• Perspective: transforming electricity“Electricity storage is the most promising current trend in the energy sector. More so thantransmission, nuclear fission or alternative sources like the sun, wind or anything like that.It is power storage technology that will change the future of the industry.”Evgeny Dod, the chairman of the management board of RusHydro GroupRusHydro RusHydro is one of Russia’s largest power generating companies in terms of installed capacity. It is also a leader in power production using renewable energy sources, developing power generation using water flows, tidal, wind and geo-thermal energy.Evgeny Dod is looking ahead to a world A new power model However, he stresses that clear incentiveswhere technological breakthroughs could are important if consumers are to adopthave a profound effect on the operation The potential of large-scale storage needs to energy efficiency technology and habits.of electricity systems. “The power be viewed together with renewable energy “Everything depends on them havingindustry is a very conservative sector but and more efficient transmission. “If you serious incentives. From an economicI do think we seem to be on the brink of take the three together – then that’s a perspective, these should be materialreal system-wide changes in many areas fundamentally different setup. This model incentives, so that they can be measured.of electricity and in the energy industry removes the need to lay expensive All too often, organisations and individualsas a whole,” he says. transmission lines to remote, isolated areas. are not very interested. It won’t happen In the far east of Russia, for example, you until people are able to really see howHe believes that the changes on the way could have communities linked to different much they have saved and be able to useare “multifaceted” but he singles out standalone systems – with different costs.” what they save for themselves moreelectricity storage technology as having the directly. This is particularly the case ingreatest potential significance. “We are on Other trends will also be important. “The areas such as the public sector where,the verge of creating large and relatively oil price situation will promote new trends typically, the person using the electricity ischeap, efficient rechargeable batteries,” such as shale gas, new sources of energy not the person paying for it.”observes Dod. “It will cause a fundamental and coal,” says Dod. “These will remain atconceptual shift, changing the way large the fundamental core of the whole energygrid construction is conceived.” sector. But, in my view, it is energy storage Electric personal mobility technologies that will be the transformative breakthrough. It has the potential to be the Finally, Dod also anticipates big potentialRethinking our approach to power key issue that will change the world.” for electric cars. “I believe that by 2030 the share of electric vehicles, at least in big“I believe, in the next ten years, we will see cities, will be no less than 30%. The keylarge scale, industrial production of Energy efficiency issue is battery life and charging time. Inrechargeable units that will allow us to cities, compact ordinary electricity-reconfigure our approach to issues of The survey uncovered considerable doubts powered vehicles are our future. I’ve evenbaseload and peakload power and the about programmes to boost energy ordered a car like that for myself – a Tesla,construction of additional grids. I think efficiency but Dod disagrees. “I think that I think. 95% of all our transport within thethat the whole concept of electricity energy efficiency is a very promising area First Concrete Ring (Moscow region ringstorage will change our view on how basic and I don’t share this scepticism. There are road) that has a mileage of up to 100kmfuels such as gas, oil, coal, etc. are used.” very effective and interesting programmes per day should be electric-powered. It’s working to cut energy use in production environmentally good and clearlyHe stresses that electricity storage won’t be and in the household.” profitable for electricity companies.”the only big improvement. “Clearly, thereare significant and promising projectsrelating to transmission technologies. Theyare sure to yield a concrete breakthrough,”he says. “But this process is complicated bythe fact that huge resources and “The whole concept of electricityproduction capacities are needed to movefrom scientific research results to actual storage will change our view onproduction. For instance, just replacing allthe cables and power lines is, in itself, a how basic fuels are used.”huge process. On the other hand, buildingthousands of storage blocks of 1,000 MWeach is a relatively quick and efficientprocess.” 12th PwC Annual Global Power & Utilities Survey 31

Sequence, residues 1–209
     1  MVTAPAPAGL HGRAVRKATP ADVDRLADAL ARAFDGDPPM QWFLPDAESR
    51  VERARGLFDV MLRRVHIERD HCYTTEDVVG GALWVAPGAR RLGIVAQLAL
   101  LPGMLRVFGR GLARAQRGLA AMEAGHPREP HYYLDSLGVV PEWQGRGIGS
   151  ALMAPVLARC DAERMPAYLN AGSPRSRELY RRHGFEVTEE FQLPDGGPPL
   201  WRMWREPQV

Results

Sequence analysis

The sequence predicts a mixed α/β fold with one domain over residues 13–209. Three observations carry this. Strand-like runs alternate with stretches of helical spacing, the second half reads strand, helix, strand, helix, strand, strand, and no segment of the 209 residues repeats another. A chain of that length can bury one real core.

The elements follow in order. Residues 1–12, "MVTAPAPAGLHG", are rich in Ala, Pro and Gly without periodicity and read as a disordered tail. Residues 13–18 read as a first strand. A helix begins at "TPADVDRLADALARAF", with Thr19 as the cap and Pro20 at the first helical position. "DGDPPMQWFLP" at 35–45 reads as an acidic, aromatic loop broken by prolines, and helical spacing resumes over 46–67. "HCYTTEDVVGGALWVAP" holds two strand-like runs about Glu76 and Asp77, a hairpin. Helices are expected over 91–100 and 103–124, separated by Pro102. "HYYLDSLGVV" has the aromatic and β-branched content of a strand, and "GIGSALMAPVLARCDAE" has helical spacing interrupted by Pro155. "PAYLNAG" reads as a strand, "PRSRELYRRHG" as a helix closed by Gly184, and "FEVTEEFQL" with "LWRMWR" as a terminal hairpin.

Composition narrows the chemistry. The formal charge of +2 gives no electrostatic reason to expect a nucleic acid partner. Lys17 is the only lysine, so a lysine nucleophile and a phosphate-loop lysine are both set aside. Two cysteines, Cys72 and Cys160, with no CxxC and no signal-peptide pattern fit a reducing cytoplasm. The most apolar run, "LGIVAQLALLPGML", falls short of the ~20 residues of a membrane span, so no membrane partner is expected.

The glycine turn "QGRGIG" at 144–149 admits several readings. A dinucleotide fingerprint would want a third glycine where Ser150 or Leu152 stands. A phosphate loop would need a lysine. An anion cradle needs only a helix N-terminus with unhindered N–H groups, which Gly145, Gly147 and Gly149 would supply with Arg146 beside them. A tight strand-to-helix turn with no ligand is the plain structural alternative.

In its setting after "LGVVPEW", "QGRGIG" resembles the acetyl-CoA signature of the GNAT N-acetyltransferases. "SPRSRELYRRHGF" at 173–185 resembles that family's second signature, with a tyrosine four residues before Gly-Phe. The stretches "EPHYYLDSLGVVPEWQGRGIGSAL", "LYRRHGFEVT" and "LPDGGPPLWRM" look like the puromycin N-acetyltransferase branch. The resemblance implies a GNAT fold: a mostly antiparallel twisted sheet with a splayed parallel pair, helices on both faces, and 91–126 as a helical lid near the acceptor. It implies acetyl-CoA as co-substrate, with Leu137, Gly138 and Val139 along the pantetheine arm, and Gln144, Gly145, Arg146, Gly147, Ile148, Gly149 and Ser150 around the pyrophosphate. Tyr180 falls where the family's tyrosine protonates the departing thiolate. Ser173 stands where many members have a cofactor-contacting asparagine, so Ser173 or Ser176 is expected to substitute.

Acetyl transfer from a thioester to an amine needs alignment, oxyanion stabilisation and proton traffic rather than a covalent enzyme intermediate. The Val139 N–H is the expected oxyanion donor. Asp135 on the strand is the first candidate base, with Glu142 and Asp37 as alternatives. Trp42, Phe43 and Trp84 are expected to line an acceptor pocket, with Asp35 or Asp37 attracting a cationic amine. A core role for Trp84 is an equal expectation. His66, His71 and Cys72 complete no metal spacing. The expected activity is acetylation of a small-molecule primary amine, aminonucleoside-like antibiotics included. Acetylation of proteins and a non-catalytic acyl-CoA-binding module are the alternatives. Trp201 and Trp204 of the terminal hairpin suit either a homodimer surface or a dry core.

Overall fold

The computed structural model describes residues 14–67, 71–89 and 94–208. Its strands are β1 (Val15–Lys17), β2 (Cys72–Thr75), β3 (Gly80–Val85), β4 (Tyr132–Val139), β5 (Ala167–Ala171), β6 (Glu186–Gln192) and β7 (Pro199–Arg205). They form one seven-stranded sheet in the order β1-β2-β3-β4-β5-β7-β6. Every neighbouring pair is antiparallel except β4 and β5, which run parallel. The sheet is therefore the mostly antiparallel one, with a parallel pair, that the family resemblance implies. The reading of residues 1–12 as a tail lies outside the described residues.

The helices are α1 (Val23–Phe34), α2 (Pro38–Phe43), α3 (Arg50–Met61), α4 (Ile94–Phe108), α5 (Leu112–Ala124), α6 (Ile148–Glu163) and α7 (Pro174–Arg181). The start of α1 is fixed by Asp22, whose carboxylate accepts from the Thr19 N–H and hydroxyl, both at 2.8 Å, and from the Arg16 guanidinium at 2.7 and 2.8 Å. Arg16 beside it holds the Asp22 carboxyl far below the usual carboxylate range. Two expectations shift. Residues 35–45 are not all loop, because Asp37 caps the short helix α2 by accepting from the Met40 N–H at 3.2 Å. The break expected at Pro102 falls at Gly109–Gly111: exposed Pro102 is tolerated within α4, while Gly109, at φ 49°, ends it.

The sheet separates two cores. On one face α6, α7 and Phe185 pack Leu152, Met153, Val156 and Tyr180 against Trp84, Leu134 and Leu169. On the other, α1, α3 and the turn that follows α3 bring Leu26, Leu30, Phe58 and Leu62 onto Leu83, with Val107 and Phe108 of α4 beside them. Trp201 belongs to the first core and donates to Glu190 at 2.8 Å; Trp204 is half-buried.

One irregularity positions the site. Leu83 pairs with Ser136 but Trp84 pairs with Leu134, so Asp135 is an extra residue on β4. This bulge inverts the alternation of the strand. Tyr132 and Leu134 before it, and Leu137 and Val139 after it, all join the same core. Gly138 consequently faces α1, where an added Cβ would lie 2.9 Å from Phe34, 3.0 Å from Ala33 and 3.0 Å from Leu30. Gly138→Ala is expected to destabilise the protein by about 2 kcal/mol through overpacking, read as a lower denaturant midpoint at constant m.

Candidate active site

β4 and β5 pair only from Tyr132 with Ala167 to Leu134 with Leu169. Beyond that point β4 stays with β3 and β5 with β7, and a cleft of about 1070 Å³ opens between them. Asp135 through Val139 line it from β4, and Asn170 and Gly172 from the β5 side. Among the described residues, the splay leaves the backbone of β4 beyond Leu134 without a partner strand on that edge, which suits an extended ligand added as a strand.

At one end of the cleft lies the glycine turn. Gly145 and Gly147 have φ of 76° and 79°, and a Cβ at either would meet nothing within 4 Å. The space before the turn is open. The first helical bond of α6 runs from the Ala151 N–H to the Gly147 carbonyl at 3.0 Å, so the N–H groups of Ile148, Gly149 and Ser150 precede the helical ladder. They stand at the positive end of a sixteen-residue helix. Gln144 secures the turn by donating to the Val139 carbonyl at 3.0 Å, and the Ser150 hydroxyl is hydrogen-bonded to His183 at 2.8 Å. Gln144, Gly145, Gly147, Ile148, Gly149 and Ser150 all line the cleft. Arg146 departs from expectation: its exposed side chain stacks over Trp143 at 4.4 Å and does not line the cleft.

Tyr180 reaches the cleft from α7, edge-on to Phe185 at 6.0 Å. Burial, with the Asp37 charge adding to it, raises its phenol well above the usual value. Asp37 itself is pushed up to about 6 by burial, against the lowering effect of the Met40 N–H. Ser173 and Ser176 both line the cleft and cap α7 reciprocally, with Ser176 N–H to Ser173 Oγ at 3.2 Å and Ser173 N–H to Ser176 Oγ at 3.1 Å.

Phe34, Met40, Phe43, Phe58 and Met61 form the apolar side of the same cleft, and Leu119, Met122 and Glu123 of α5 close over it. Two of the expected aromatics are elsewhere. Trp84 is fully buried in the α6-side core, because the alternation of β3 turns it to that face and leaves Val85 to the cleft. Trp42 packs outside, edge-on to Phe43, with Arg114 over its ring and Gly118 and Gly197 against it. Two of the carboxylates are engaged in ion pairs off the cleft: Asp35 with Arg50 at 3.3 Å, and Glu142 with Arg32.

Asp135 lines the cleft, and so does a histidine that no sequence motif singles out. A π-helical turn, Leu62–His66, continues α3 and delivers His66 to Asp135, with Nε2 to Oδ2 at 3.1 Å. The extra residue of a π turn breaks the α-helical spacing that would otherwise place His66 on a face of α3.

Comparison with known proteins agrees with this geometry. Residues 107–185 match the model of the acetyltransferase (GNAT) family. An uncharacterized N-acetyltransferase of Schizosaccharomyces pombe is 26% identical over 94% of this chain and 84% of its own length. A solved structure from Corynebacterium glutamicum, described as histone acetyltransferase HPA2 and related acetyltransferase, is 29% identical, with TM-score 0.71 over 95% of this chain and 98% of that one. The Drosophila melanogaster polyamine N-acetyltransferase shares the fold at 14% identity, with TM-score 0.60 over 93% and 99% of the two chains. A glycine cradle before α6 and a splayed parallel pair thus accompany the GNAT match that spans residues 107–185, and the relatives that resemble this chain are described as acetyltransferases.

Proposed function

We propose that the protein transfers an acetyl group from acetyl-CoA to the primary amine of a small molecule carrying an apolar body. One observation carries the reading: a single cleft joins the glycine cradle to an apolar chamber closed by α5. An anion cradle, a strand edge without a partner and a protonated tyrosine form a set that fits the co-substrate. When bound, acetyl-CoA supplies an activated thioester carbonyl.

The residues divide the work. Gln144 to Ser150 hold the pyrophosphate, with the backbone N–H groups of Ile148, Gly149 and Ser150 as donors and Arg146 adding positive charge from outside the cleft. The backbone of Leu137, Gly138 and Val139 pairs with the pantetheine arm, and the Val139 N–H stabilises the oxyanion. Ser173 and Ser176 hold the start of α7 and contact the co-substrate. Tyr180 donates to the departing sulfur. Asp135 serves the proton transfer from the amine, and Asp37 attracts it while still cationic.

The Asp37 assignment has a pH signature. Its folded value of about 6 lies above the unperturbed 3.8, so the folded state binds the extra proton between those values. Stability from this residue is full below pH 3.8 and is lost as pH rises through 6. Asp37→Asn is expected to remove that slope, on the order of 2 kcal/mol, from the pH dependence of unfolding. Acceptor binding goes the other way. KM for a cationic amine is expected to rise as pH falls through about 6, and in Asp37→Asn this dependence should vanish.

• Around the world32 12th PwC Annual Global Power & Utilities Survey